Settlements > Maracanda



Maracanda, also known as Marakanda or Maracand, was an ancient city located in Central Asia, historically associated with the Achaemenid Empire. Maracanda was situated in the fertile valley of the Zeravshan River, in what is now modern-day Uzbekistan. It occupied a strategic position along the Silk Road, connecting the regions of Central Asia with Persia and beyond. Maracanda was an ancient settlement with a long history dating back to prehistoric times. During the Achaemenid period, Maracanda became part of the Persian Empire and served as an important regional center.

Role in the Achaemenid Empire:

Maracanda played a significant role in the Achaemenid Empire as a key administrative and commercial hub in Central Asia. It served as a center for trade, commerce, and cultural exchange between the Persian heartland and the various regions of Central Asia.

Cultural and Economic Importance:

Maracanda was a culturally diverse city, inhabited by various ethnic groups including Persians, Greeks, and indigenous Central Asian peoples. The city thrived economically due to its strategic location along trade routes, benefiting from the exchange of goods, ideas, and cultures.

Archaeological Significance:

Maracanda is known for its archaeological remains, including ancient fortifications, palaces, and religious structures. Excavations at Maracanda have revealed insights into Achaemenid urban planning, architecture, and material culture in Central Asia.


Maracanda's historical significance extends beyond the Achaemenid period, encompassing its role in subsequent Persian, Hellenistic, and Islamic periods. The city remained an important urban center throughout antiquity, reflecting the enduring influence of Persian culture and civilization in Central Asia. In summary, Achaemenid Maracanda was a significant city in ancient Central Asia, serving as a vital link between the Persian Empire and the various regions of the Silk Road. Its strategic location, cultural diversity, and economic prosperity contributed to its prominence in the Achaemenid world and its lasting legacy in the history of Central Asia.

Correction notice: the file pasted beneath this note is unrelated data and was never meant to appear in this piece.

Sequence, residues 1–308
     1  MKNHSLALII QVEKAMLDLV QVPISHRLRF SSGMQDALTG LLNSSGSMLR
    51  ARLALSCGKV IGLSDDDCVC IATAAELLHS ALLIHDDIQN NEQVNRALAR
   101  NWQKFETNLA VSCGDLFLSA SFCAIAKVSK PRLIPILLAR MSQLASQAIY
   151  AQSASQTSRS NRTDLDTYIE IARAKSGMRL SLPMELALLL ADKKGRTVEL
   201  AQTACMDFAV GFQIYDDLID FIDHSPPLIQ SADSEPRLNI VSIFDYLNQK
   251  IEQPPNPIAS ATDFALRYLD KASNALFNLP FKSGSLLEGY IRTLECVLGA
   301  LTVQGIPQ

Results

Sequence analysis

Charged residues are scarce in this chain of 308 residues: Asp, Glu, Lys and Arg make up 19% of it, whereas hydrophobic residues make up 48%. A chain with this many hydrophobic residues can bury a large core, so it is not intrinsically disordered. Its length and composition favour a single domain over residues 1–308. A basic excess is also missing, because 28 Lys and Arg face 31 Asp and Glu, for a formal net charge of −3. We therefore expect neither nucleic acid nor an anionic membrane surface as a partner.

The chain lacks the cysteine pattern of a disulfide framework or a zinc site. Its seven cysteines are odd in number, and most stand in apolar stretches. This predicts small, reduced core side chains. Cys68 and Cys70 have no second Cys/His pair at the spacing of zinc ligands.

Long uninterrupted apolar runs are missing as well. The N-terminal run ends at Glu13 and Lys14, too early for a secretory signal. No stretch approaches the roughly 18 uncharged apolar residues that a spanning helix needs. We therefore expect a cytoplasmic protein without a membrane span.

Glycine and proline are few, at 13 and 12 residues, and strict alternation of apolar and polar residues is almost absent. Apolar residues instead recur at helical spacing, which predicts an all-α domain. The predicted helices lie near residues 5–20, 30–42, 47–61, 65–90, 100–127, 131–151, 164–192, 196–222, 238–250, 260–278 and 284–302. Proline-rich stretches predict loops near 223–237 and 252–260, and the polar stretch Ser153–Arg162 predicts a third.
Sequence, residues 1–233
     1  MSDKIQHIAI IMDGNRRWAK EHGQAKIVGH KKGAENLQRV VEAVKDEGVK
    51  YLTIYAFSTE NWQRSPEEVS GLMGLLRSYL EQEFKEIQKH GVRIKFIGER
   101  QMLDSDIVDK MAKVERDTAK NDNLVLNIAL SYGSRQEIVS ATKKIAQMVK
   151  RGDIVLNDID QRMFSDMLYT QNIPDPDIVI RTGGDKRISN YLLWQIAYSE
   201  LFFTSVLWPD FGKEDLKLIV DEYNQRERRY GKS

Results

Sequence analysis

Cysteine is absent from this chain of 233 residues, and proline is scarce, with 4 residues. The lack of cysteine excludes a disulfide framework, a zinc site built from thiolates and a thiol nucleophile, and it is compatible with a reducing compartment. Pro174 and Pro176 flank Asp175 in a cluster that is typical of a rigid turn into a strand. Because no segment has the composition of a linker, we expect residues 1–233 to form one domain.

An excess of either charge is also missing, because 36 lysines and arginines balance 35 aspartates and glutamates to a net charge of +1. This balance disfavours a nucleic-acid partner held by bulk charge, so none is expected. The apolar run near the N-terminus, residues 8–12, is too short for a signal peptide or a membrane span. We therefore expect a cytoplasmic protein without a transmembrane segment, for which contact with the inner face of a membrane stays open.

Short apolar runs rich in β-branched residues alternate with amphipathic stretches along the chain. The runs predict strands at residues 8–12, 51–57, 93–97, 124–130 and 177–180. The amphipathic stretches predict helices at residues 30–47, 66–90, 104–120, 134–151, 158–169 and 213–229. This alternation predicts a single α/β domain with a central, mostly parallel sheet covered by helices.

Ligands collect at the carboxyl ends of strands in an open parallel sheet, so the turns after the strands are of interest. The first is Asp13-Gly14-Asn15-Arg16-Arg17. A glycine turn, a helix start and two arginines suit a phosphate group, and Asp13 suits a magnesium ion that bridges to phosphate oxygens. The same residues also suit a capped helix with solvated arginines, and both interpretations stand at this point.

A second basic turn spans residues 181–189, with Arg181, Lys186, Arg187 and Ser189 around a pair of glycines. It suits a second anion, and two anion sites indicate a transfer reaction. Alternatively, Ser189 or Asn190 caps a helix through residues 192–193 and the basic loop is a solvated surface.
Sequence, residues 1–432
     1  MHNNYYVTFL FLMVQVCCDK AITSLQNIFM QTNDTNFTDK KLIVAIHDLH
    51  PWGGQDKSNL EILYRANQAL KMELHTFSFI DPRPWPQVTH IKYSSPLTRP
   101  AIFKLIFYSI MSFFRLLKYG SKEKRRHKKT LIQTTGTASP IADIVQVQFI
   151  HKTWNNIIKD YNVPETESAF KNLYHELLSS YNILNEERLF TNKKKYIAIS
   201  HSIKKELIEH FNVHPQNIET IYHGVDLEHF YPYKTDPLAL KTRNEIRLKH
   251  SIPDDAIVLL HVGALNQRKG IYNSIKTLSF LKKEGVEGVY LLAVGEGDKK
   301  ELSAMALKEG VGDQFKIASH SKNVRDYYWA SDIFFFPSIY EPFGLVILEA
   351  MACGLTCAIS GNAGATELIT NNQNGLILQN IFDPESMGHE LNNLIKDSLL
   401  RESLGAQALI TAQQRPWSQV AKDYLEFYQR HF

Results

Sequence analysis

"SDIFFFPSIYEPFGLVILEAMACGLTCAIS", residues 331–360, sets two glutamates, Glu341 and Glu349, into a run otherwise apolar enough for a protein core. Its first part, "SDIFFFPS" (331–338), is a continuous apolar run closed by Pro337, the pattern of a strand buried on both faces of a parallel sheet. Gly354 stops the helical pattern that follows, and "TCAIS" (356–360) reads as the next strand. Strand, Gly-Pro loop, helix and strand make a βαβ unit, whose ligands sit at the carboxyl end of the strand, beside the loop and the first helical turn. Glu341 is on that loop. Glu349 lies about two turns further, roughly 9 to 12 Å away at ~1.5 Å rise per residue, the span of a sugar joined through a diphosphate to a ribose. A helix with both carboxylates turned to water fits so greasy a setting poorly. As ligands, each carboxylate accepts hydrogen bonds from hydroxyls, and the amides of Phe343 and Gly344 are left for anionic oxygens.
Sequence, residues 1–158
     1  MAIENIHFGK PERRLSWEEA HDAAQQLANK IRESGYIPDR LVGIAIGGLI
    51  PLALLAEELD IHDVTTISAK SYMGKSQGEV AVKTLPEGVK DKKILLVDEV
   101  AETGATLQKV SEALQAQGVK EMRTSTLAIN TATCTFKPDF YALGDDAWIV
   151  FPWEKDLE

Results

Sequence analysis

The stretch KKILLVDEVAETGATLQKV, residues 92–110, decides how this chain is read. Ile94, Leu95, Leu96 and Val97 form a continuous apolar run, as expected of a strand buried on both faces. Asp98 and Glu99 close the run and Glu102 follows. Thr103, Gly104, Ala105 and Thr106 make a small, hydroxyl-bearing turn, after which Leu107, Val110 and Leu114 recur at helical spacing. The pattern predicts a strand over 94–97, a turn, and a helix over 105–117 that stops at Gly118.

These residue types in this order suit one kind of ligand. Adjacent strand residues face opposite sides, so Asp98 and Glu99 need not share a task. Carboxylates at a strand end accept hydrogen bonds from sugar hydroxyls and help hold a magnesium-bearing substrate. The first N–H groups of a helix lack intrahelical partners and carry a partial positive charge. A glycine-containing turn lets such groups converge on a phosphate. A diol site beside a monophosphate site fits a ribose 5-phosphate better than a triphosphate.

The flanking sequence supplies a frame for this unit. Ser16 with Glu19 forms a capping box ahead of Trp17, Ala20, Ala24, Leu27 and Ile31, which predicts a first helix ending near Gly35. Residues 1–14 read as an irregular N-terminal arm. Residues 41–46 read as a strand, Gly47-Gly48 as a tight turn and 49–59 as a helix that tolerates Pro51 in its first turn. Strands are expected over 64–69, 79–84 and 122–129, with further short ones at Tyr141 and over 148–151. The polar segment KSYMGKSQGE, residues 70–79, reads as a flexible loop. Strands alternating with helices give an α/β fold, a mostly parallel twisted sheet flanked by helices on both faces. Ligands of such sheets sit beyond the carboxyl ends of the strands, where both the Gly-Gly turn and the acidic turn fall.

Prospering from its location on the Silk Road between China and the Mediterranean, at times Samarkand was one of the greatest cities of Central Asia. By the time of the Achaemenid Empire of Persia, it was the capital of the Sogdian satrapy. The city was taken by Alexander the Great in 329 BC, when it was known by its Greek name of Marakanda. Along with Bukhara, Samarkand is one of the oldest inhabited cities in Central Asia, prospering from its location on the trade route between China and the Mediterranean (Silk Road).

Alexander the Great conquered Samarkand in 329 BC. The city was known as Maracanda by the Greeks. Written sources offer small clues as to the subsequent system of government. They tell of an Orepius who became ruler "not from ancestors, but as a gift of Alexander". While Samarkand suffered significant damage during Alexander's initial conquest, the city recovered rapidly and under the new Hellenic influence flourished.

There were also major new construction techniques; oblong bricks were replaced with square ones and superior methods of masonry and plastering were introduced. Alexander's conquests introduced into Central Asia classical Greek culture; at least for a time the Greek models were followed closely by the local artisans. This Greek legacy continued as the city became part of the various Greek successor states that emerged following Alexander's death: it would become part of the Seleucid Empire, Greco-Bactrian Kingdom, and Kushan Empire, successively. After the Kushan era the city declined; it did not really revive until the 5th century.

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